Superman releases turtle after plastic ingestion.
24 November 2013 - Sanya, China: Between the plastic garbage patch floating in the Northern Pacificnow twice the size of Texasand the radioactive plume carrying debris from Fukushima toward North America, its safe to say that the future of Pacific marine life is in peril. Nevertheless, an optimistic crowd of tourists in Hainan, China, cheered on a rehabilitated green sea turtle, Chelonia mydas, aptly named Hope, as she swam into the Pacific to face these odds.
In dramatic contrast to previous sea turtle release events, Sea Turtles 911's Founding Director Frederick Yeh wore a Superman suit instead of the usual volunteer T-shirt, as he guided the turtle toward the ocean. Yeh explained, In times of impending doom, Superman brings hope to the human species, and with the sea turtle species nearing the brink of extinction, saving turtles is looking more like a job for Superman."
Joyful children followed Superman, and together, they returned Hope to the Pacific Ocean. Yeh's transformation to the popular superhero is based upon the two-fold idea of presenting a positive role model for children to protect the environment, in addition to highlighting the significance and urgency that surrounds the rescue, release, and conservation of endangered sea turtles.
Like many of the turtles that Sea Turtles 911 rehabilitates, Hope was found floating helplessly atop the ocean's surface after mistakenly swallowing a plastic bag for jellyfish, a favorite food for sea turtles. The added buoyancy of the plastic she ingested not only caused her to drift along the Pacific oceans currents to Hainan coastal waters, but also caused her digestive system to shut down.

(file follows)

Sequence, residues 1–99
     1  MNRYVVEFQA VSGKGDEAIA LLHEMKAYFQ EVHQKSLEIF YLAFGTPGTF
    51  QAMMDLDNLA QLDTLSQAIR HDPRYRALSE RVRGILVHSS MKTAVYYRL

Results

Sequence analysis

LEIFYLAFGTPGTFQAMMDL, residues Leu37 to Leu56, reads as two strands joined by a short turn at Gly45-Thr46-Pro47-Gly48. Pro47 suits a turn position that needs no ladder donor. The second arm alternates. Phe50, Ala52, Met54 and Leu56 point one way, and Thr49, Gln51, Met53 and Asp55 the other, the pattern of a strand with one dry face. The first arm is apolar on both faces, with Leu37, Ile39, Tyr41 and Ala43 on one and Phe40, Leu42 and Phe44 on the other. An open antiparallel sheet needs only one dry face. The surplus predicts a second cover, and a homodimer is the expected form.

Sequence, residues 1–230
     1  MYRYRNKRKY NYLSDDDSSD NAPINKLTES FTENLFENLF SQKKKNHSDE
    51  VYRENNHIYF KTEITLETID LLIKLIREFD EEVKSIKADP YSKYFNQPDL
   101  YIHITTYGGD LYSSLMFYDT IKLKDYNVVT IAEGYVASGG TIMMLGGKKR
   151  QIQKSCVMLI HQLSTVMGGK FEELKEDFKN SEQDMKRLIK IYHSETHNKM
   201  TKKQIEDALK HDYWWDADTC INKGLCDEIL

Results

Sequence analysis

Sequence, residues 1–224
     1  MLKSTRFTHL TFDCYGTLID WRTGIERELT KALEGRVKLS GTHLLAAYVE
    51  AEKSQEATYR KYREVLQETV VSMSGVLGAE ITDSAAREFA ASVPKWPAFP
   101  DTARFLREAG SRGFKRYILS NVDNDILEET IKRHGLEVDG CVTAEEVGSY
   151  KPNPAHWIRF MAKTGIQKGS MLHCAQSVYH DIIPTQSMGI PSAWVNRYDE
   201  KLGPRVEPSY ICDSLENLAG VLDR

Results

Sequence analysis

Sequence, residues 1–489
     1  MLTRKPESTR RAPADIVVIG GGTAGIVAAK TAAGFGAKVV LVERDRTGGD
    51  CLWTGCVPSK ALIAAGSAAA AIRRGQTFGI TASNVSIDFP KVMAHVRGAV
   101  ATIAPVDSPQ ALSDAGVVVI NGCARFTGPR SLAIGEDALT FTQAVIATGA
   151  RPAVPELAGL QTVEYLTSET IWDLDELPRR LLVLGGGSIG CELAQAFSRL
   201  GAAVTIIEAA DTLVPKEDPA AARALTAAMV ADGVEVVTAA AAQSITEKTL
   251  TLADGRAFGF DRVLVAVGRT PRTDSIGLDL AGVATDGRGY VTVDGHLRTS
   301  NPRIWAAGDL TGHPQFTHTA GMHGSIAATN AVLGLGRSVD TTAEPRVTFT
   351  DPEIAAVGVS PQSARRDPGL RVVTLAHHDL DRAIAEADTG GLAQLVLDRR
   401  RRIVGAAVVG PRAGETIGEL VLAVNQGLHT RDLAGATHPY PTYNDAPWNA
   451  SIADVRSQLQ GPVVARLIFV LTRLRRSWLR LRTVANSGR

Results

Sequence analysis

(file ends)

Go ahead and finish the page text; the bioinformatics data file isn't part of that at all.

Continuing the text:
By the time Chinese Coast Guard police found her afloat and transported her to Sea Turtles 911, she was emaciated, and near death. Yeh and other volunteers spent seven months nursing Hope back to health, after which she made a full recovery. Hope's miraculous recovery in China brings hope that one day the sea turtles here will make a population recovery and return to the beaches, living together with people in harmony, as they do in Hawaii where sea turtles and people share the beach peacefully, Yeh said.
With the Pacific Ocean in environmental turmoil, and teeming with poachers who sell the endangered turtles for their meat, and their shells to be made into jewelry, symbolic turtle releases to raise awareness like Hopes have become a cornerstone for the marine conservation movement in China. As pollution and encroachment continue to deplete the remaining representatives of this ancient and gentle reptilian species, the crowd at Hopes release witnessed Yehs vision of a better future for sea turtles. Where many people might have looked over the horizon and pictured a dark cloud of radioactivity and pollution, this group of tourists saw Hope.